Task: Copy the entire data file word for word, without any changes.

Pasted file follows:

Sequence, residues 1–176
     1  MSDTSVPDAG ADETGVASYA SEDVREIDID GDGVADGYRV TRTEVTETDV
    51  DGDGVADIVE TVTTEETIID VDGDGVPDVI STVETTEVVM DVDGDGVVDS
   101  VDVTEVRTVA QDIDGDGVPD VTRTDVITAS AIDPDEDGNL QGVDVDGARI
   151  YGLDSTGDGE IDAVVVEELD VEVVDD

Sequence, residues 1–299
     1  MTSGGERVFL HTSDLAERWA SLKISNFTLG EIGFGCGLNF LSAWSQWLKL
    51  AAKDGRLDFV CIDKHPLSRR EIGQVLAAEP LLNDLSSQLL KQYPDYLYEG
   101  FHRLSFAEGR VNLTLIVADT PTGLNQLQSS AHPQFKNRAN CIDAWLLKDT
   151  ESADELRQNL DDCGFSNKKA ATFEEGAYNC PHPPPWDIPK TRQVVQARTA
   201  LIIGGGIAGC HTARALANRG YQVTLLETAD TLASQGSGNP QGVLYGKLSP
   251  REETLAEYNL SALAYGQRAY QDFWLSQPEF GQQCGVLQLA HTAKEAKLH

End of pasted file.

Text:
Sequence, residues 1–176
     1  MSDTSVPDAG ADETGVASYA SEDVREIDID GDGVADGYRV TRTEVTETDV
    51  DGDGVADIVE TVTTEETIID VDGDGVPDVI STVETTEVVM DVDGDGVVDS
   101  VDVTEVRTVA QDIDGDGVPD VTRTDVITAS AIDPDEDGNL QGVDVDGARI
   151  YGLDSTGDGE IDAVVVEELD VEVVDD

Sequence, residues 1–299
     1  MTSGGERVFL HTSDLAERWA SLKISNFTLG EIGFGCGLNF LSAWSQWLKL
    51  AAKDGRLDFV CIDKHPLSRR EIGQVLAAEP LLNDLSSQLL KQYPDYLYEG
   101  FHRLSFAEGR VNLTLIVADT PTGLNQLQSS AHPQFKNRAN CIDAWLLKDT
   151  ESADELRQNL DDCGFSNKKA ATFEEGAYNC PHPPPWDIPK TRQVVQARTA
   201  LIIGGGIAGC HTARALANRG YQVTLLETAD TLASQGSGNP QGVLYGKLSP
   251  REETLAEYNL SALAYGQRAY QDFWLSQPEF GQQCGVLQLA HTAKEAKLH